As part of our new phase of fourth-wave pandemic precautions, we’re not making salons or workshops in real life here in Vietnam for the time being.
That means it’s a time to go back into the internet. So, we’re setting up a new set of tracks for S P A C E for Summer and Autumn collections. For example, this is a snippet from a popular science fiction work, ‘The Time Machine.’
Never read it, before. But, having just now started it, (see below, with the Introduction), am happy. Isn’t it grand that this first part is about… whoa!, the Fourth Dimension! S P A C E quests S P A C E, and A. Spaice loves this stuff. Naturally. It is the nature of geometers to be curious about things. So here we are. And here we go. Gonna keep diving into the internet, maybe, to share more. Strange Geometries, these.
The Time Machine
Words H. G. Wells
The Time Traveller (for so it will be convenient to speak of him) was expounding a recondite matter to us. His pale grey eyes shone and twinkled, and his usually pale face was flushed and animated. The fire burnt brightly, and the soft radiance of the incandescent lights in the lilies of silver caught the bubbles that flashed and passed in our glasses. Our chairs, being his patents, embraced and caressed us rather than submitted to be sat upon, and there was that luxurious after-dinner atmosphere, when thought runs gracefully free of the trammels of precision.
And he put it to us in this way—marking the points with a lean forefinger—as we sat and lazily admired his earnestness over this new paradox (as we thought it) and his fecundity.
“You must follow me carefully. I shall have to controvert one or two ideas that are almost universally accepted. The geometry, for instance, they taught you at school is founded on a misconception.”
“Is not that rather a large thing to expect us to begin upon?” said Filby, an argumentative person with red hair.
“I do not mean to ask you to accept anything without reasonable ground for it. You will soon admit as much as I need from you. You know of course that a mathematical line, a line of thickness nil, has no real existence. They taught you that? Neither has a mathematical plane. These things are mere abstractions.”
“That is all right,” said the Psychologist.
“Nor, having only length, breadth, and thickness, can a cube have a real existence.”
“There I object,” said Filby. “Of course a solid body may exist. All real things—”
“So most people think. But wait a moment. Can aninstantaneous cube exist?”
“Don’t follow you,” said Filby.
“Can a cube that does not last for any time at all, have a real existence?”
Filby became pensive. “Clearly,” the Time Traveller proceeded, “any real body must have extension in fourdirections: it must have Length, Breadth, Thickness, and—Duration. But through a natural infirmity of the flesh, which I will explain to you in a moment, we incline to overlook this fact. There are really four dimensions*, three which we call the three planes of Space, and a fourth, Time.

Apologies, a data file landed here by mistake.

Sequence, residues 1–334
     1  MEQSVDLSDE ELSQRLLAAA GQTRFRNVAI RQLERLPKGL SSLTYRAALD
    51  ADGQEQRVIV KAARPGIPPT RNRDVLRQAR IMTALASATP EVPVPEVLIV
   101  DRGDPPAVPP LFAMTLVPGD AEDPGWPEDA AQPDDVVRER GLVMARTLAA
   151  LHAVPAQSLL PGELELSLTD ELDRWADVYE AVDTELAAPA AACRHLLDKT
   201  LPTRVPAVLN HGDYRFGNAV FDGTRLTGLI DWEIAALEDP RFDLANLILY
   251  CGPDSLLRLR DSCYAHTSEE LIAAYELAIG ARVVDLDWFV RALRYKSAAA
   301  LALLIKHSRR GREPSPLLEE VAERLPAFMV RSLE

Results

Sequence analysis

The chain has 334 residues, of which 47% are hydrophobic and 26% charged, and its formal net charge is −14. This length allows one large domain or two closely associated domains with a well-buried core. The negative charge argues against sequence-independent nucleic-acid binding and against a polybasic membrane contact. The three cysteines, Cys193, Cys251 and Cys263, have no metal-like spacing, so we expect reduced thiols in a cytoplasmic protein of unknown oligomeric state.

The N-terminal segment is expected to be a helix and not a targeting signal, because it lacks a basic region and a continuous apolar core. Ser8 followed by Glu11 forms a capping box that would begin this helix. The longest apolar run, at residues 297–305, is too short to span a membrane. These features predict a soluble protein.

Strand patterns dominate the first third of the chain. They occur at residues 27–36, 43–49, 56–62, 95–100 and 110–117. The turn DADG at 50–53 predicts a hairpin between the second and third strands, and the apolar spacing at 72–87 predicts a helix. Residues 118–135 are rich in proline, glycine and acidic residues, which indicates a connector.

There is, however, a tendency to draw an unreal distinction between the former three dimensions and the latter, because it happens that our consciousness moves intermittently in one direction along the latter from the beginning to the end of our lives.”
“That,” said a very young man, making spasmodic efforts to relight his cigar over the lamp; “that . . . very clear indeed.”
“Now, it is very remarkable that this is so extensively overlooked,” continued the Time Traveller, with a slight accession of cheerfulness. “Really this is what is meant by the Fourth Dimension, though some people who talk about the Fourth Dimension do not know they mean it. It is only another way of looking at Time. There is no difference between Time and any of the three dimensions of Space except that our consciousness moves along it. But some foolish people have got hold of the wrong side of that idea. You have all heard what they have to say about this Fourth Dimension?”
“I have not,” said the Provincial Mayor.
“It is simply this. That Space, as our mathematicians have it, is spoken of as having three dimensions, which one may call Length, Breadth, and Thickness, and is always definable by reference to three planes, each at right angles to the others. But some philosophical people have been asking why three dimensions particularly—why not another direction at right angles to the other three?—and have even tried to construct a Four-Dimensional geometry.
Professor Simon Newcomb was expounding this to the New York Mathematical Society only a month or so ago. You know how on a flat surface, which has only two dimensions, we can represent a figure of a three-dimensional solid, and similarly they think that by models of three dimensions they could represent one of four—if they could master the perspective of the thing. See?”
*Sometime soon, I will share with you what HL said to me in Cameron Highlands about there being actually ten dimensions. HL is a smart-as-anything quantum physics academic, a fellow wanderer-into-Highlands, and a fascinating person to share conversions with. I’ll have to send her this link and seeeee what she sayyyyssss. These days it’s so hard to talk to people online. Why is that? Oh, righhhttttt. Because most people writing online most of the time are totally bullshitting. That’s why you have to be kind of skeptical. I get it. Anyway. HL, hang on, I’ll draft an email… To be continued… in S P A C E. More and better S P A C E is ahead. We’re designing the editorial calendar for 2021 as I write this. There’s a whole page with the updated information on the crowdfunding link, which is this: http://chuffed.org/project/spacethezine. Checkit. Cool.